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‘America’s Got Talent’: A TV Tonic for Troubled Times, Family TV at Its Best
August 25, 2018  | By Alex Strachan  | 2 comments

It’s too late to expect Tyra Banks to stop asking America’s Got Talent contestants, “How do you feel?” or its variant, “What are your feelings?” every time a contestant is advanced or eliminated on this wild season of the wildly popular talent show. It’s easier to simply sit back and accept that, like performing cats, daredevil trapeze acts, children’s choruses, bad magic and frenetic dance crews, it’s all part of the show.

For the second summer in a row (13 seasons overall), America’s Got Talent — or AGT, as its followers know it — provides a welcome escape from the depressing news of the day. It’s a stretch to call AGT the most important mass-audience show on TV right now, but there sure are weeks when it feels like it. The sheer joy, the heady optimism, the idea that anyone — even a castoff from the now-canceled Glee hoping to reclaim a singing career cut short before its time — can step into the spotlight and make a living doing what they love, is a heady, life-affirming message for troubled times. Who knew that Simon Cowell (of all people!), Howie Mandel, Mel B, and Heidi Klum would provide a safe haven from the nightly news.

And yet there it is.

Yes, this season of AGT has all the bad habits of past seasons: Too many contestants; the dizzying parade of acts that make it almost impossible to know from one week to the next who’s favored, who’s worth a look, and who’s destined to be an also-ran; some truly odd voting decisions now that the weekly performance shows have been handed over to the audience watching at home; and the predictable wordplay between judges (Simon is now the nice one and Howie the mean one, a look that doesn’t quite fit a media figure who has worked hard over the years to cultivate a career as one of the most affable personalities on TV).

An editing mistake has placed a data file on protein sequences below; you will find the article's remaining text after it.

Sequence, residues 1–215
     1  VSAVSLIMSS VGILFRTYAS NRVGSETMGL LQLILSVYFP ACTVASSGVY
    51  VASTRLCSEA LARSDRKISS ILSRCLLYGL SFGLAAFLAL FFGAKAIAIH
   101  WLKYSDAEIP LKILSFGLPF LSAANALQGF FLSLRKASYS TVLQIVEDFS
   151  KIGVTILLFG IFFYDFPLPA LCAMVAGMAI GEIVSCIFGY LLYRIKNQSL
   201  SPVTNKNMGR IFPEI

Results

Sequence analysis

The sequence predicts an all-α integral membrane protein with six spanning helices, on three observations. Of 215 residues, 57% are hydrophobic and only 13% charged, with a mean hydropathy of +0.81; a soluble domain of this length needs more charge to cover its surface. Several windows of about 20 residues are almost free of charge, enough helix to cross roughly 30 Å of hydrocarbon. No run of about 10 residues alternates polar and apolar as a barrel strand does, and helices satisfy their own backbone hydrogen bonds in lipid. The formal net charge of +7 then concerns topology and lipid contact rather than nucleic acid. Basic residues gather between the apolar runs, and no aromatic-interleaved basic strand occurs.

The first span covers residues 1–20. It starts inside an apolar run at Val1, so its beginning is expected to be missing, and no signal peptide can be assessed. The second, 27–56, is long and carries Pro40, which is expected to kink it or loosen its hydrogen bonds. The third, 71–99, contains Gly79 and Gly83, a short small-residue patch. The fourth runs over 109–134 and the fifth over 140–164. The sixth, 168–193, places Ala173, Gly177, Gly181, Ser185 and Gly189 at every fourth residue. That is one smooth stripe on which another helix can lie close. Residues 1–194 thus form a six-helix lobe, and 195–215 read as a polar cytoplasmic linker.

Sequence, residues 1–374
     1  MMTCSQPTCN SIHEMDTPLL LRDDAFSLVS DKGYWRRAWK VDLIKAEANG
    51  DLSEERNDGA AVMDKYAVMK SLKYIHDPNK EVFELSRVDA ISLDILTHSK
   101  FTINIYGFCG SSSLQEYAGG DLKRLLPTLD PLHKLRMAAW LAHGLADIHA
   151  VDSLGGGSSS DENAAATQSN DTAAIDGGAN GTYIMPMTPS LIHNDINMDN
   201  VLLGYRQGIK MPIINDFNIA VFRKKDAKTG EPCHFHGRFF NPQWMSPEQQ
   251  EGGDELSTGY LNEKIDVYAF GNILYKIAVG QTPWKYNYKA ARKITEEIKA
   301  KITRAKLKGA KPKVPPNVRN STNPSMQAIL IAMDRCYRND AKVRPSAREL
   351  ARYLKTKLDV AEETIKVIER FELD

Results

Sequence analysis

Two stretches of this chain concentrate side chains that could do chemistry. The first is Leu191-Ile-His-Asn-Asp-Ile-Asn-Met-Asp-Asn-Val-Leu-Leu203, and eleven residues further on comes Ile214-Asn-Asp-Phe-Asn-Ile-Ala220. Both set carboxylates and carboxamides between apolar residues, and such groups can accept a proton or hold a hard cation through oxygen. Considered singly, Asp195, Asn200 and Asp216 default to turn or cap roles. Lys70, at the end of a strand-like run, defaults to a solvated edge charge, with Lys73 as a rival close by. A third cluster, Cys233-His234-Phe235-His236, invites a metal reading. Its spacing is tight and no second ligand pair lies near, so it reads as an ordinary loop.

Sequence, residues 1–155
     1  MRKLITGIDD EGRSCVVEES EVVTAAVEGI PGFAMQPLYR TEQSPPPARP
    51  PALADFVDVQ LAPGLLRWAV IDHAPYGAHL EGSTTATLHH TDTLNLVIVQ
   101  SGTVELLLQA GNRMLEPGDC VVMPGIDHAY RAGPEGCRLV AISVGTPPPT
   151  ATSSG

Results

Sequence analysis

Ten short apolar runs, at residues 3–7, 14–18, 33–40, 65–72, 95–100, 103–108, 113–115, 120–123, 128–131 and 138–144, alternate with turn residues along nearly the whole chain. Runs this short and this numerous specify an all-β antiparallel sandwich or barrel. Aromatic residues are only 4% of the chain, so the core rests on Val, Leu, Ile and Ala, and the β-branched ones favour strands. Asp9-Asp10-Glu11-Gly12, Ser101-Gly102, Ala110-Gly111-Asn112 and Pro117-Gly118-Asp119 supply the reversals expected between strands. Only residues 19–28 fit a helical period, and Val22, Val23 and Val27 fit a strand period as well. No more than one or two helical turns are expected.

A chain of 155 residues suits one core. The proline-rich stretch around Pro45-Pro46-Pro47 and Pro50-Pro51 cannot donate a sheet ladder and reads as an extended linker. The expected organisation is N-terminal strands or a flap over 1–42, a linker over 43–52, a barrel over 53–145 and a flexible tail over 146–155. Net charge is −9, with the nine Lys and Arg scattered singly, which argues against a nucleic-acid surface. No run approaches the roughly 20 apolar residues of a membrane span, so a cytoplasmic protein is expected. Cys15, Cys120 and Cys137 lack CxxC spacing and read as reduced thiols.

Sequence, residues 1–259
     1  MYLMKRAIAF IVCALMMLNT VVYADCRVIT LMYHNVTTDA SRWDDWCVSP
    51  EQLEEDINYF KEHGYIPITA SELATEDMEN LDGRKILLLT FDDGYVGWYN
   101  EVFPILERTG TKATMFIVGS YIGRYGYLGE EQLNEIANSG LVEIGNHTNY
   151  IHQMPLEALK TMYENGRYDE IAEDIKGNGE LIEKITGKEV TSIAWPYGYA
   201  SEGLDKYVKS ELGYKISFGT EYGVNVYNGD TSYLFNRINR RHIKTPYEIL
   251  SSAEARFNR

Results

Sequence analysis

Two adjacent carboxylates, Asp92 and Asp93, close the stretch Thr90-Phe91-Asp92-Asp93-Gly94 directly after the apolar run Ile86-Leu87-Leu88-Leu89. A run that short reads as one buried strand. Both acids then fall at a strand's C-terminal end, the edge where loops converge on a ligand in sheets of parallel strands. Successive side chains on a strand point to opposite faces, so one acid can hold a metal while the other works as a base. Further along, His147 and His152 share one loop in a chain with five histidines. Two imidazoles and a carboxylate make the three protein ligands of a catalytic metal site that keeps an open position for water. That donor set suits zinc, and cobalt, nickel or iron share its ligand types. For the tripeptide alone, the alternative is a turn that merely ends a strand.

And then there are the old, familiar truisms, true to all talent shows where anything goes — provided it works on TV. Singers have an unnatural advantage with the audience watching at home, even though TV has The Voice. Dance crews have an advantage, even though TV has both World of Dance and the long-running So You Think You Can Dance.

Magic acts, daredevils, illusionists, and escape artists, who must be dazzling, breathtaking even, in person, lose something on TV, even as Mandel goes the extra mile to tell those of us watching at home how dazzling the acts are in person (“You must vote!” he shouts to the audience watching at home, in every show).

Ratings-wise, AGT has found a comfortable rhythm that doesn’t change much from week to week. That in itself is unusual for reality-competition programs. Last week’s performance show scored a chart-topping 2.1 rating among adults 18-49, with 11 million viewers overall — level with the week before.

More importantly, it’s hard to imagine many of those viewers walked away disappointed. We’ve all seen performing dogs — a performing dog act, Olate Dogs, originally from Santiago, Chile even won AGT one year, in 2012 — but performing cats are a whole other kettle of fish. And yet, there they were last week, the Savitsky Cats (right), having clawed their way into the live shows thanks to their minders, the ever-patient (human) mother-daughter duo of Svetlana and Marina.

Sadly, for those who like their entertainment a tad on the wild side, the cats’ dance routine of jumping onto balls, walking backwards on their hind legs, weaving in and out of barriers and performing a conga line on a broom was not enough to advance them to the semi-finals, even if judge Klum did indulge in some truly awful puns of her own in raving about their performance (“You gotta be kitten-me! This could’ve been a cat-astrophe. Wait for it: It was purr-fect. I’m sorry!”). Apology not accepted.

For the record, Glee’s Noah Guthrie, whose singing career hit the skids after Glee ended, did advance to the semi-finals on the strength of his original, hard-rock-edged song Show Me Some Mercy (better than the title suggests), despite mixed notices from the judges.